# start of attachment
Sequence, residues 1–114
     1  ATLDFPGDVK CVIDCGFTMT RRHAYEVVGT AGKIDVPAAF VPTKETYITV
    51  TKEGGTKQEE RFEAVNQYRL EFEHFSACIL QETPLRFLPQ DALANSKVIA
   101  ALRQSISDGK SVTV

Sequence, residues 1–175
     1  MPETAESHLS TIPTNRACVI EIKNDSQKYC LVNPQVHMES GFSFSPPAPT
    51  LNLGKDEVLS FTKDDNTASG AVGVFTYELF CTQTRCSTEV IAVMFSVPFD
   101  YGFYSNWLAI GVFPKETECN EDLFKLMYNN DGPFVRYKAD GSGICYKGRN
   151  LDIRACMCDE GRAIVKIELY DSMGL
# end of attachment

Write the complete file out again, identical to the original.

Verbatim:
Sequence, residues 1–114
     1  ATLDFPGDVK CVIDCGFTMT RRHAYEVVGT AGKIDVPAAF VPTKETYITV
    51  TKEGGTKQEE RFEAVNQYRL EFEHFSACIL QETPLRFLPQ DALANSKVIA
   101  ALRQSISDGK SVTV

Sequence, residues 1–175
     1  MPETAESHLS TIPTNRACVI EIKNDSQKYC LVNPQVHMES GFSFSPPAPT
    51  LNLGKDEVLS FTKDDNTASG AVGVFTYELF CTQTRCSTEV IAVMFSVPFD
   101  YGFYSNWLAI GVFPKETECN EDLFKLMYNN DGPFVRYKAD GSGICYKGRN
   151  LDIRACMCDE GRAIVKIELY DSMGL